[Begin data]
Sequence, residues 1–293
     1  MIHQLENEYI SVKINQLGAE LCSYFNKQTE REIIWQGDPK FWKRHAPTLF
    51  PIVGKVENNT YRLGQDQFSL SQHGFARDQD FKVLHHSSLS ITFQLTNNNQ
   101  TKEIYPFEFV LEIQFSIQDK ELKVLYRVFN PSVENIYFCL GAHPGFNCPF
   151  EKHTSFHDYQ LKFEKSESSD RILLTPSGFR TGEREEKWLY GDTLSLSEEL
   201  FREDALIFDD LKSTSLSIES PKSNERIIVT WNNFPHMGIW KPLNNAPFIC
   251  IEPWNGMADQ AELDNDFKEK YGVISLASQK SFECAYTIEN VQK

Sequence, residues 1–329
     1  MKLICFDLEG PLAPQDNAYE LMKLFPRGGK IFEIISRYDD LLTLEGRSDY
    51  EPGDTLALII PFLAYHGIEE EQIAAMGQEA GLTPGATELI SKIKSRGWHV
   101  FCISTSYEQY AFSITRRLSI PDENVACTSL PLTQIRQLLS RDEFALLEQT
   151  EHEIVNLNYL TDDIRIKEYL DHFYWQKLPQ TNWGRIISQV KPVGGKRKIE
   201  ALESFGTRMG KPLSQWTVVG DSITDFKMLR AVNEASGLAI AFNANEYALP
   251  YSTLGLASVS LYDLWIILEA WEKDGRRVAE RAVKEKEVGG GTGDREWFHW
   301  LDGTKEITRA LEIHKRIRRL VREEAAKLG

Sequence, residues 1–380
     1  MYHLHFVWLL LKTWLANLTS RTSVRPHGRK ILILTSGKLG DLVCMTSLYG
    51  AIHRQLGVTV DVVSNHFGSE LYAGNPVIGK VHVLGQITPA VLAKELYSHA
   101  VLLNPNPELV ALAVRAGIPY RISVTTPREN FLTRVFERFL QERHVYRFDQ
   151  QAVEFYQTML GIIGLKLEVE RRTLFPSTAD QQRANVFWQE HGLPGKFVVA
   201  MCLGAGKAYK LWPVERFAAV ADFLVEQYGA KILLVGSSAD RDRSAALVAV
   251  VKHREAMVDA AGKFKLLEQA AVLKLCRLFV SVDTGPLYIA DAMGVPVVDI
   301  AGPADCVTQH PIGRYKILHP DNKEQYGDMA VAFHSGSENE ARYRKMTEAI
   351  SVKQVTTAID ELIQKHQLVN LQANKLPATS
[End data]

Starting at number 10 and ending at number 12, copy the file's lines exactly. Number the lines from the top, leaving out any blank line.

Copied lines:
    51  EPGDTLALII PFLAYHGIEE EQIAAMGQEA GLTPGATELI SKIKSRGWHV
   101  FCISTSYEQY AFSITRRLSI PDENVACTSL PLTQIRQLLS RDEFALLEQT
   151  EHEIVNLNYL TDDIRIKEYL DHFYWQKLPQ TNWGRIISQV KPVGGKRKIE